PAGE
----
Saturday, June 13, 2009

Our School Plans for Next Year

I've been planning what we're going to do in our homeschool next year. Sort of. Since we use Ambleside Online as our template, I don't need to plan in as much detail as I might otherwise need to do. Also, I tend to take things as they come. In fact, a dear friend of mine suggested I title my blog "Fast and Loose Homeschooling," but I demurred.

Despite my cavalier attitude, some planning is necessary and worthwhile. For instance, I've been woefully slack in our French studies, despite several books and a few CDs. Obviously, another tack was needed. Also, we're adding Latin and spelling, so I did some research in those areas. Here's what I have so far (but it's never carved in stone):

  • Math: MEP, years 2 and 3
  • History: Story of the World, after the Norman Conquest and into the Renaissance; continue with Our Island Story; This Country of Ours
  • Spelling: Excellence in Spelling's The Phonetic Zoo
  • Copywork
  • Grammar: English for the Thoughtful Child; Simply Grammar
  • Latin: Latina Christiana
  • French: Rosetta Stone
  • Natural History: finish Pagoo; Secrets of the Woods; nature study
  • Science: Science Lab in a Supermarket
  • Geography: Marco Polo
  • Biography: Da Vinci; Good Queen Bess; Squanto
  • Literature (a few selections): Tales from Shakespeare; Little Pilgrim's Progress; The Princess and the Goblin
  • Poetry Study
  • Artist Study
  • Composer Study

I've also been perusing the Tanglewood School curriculum. I really like Tanglewood in that it's a blend of Charlotte Mason and contemporary classical philosophies. Also, Tanglewood differentiates between literature and reading. For example, literature is what's read aloud to children; and reading is what they read on their own. I've found that many of the AO free-reading selections are too difficult for my daughters to read independently. Tanglewood's suggestions are quite good.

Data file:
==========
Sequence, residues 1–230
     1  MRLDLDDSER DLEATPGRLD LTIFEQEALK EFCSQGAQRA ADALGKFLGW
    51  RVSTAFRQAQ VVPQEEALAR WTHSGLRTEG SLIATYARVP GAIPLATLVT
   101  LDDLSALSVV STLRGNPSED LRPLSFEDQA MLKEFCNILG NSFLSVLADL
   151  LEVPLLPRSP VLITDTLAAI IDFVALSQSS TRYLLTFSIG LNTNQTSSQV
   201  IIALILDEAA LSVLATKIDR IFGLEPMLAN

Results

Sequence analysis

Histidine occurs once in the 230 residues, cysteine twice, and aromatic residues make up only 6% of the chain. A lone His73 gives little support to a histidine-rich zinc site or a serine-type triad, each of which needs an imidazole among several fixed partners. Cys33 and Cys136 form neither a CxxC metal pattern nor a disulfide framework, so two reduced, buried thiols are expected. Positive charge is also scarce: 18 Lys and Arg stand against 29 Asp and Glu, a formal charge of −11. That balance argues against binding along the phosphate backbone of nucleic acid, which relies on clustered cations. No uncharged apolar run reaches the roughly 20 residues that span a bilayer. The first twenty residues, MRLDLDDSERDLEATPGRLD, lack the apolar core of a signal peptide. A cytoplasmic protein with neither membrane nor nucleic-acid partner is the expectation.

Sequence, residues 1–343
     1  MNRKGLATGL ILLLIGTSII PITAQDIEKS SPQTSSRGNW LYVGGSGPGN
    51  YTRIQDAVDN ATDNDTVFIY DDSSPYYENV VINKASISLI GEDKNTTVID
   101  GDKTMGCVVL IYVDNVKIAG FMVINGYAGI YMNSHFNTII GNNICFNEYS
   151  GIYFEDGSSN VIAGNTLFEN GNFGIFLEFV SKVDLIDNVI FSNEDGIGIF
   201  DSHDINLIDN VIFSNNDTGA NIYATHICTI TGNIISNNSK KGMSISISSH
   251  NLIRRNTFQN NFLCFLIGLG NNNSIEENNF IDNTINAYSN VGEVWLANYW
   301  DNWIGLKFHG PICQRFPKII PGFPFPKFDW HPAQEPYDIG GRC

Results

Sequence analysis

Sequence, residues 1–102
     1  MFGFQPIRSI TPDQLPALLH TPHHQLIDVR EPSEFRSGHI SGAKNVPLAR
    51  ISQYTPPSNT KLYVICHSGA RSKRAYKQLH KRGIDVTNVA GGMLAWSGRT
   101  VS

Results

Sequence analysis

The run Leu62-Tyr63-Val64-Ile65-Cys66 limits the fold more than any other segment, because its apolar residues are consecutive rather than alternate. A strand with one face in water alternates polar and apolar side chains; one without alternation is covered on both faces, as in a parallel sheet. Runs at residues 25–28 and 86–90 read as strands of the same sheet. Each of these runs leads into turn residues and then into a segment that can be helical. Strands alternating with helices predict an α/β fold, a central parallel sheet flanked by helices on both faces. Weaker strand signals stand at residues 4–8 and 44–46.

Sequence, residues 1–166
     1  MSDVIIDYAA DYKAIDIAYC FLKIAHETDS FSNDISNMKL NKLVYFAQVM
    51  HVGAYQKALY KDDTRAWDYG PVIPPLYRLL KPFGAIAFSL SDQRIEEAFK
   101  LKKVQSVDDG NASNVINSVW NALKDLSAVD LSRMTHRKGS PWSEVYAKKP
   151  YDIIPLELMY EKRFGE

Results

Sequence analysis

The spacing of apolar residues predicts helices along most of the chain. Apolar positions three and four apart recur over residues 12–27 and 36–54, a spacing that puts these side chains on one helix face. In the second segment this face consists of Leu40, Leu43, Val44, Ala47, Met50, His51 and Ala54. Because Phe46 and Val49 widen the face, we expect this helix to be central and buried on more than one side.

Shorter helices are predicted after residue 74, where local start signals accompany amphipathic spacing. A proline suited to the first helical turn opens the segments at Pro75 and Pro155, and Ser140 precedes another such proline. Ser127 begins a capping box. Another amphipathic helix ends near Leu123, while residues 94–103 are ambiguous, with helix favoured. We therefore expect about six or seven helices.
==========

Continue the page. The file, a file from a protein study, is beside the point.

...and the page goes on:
That's the plan, thus far. As you can see, I have a few holes. Artist study, for example. Our first year homeschooling, we studied Claude Monet. We really enjoy Monet. In fact, the High Museum of Art in Atlanta currently as a Water Lilies exhibit going on. We're planning to see that. We recently read Carnation, Lily, Lily, Rose, by Hugh Brewster about the development of the Sargent painting with the same title. It's a fabulous book that I highly recommend. So now we're interested in John Singer Sargent. I could write a post on that book and Sargent, alone, so I think I'll stop there and do just that.


  1. Ah, the obligatory "Our plan" post. It all looks so serious there in black and white. Now you must follow up with a "why we homeschool" post; feel free to limit it to your top 25. This will help me immensely, as I need to solidify some sort of pat answer to offer when asked. Last time I just bantered on and on, seemingly with no point, in hopes that if I simply kept going, the questioner's empty half-smile would be transformed into an approving nod. Never happened.

  2. So you get the empty half-smile when you attempt to respond to the "so-why-DO-you-homeschool??" query as well? I used to try to explain, but now I just say "I'm a rebel," and have done with it. As to the serious look of my plan: I reserve the right to fall back on my "fast and loose" philosophy. Ha ha!

  3. and we're considering a christian school, next year, which is causing a lot of soul searching, tears, and instabilities coming to the surface, but a lot of positive stuff, too.
    Unfortunately, it leaves me with hypo-'nextyearsplan'-derangement. I can't plan anything (yet) and I feel disenfranchised.
    I'd even be in a tight corner if I were asked 'why do you homeschool' wouldn't I?
    Oh help. I need to breathe.

  4. I've been deciding on the details for next year as well, and possibly adopting "Anne" is making me have even more to consider! :-)

  5. I've enjoyed these three posts on CM and Tanglewood. I also like their list and think I'll deviate from the AO and choose them for a few things. I also like their Young Josephus book in addition or to replace the Story of the world for the early years.

    Good point the difference between reading and literature. I agree with you about the AO free readings.

    I also enjoy their suggestions on Geography and Science. It's great to have both of these amazing resources though.


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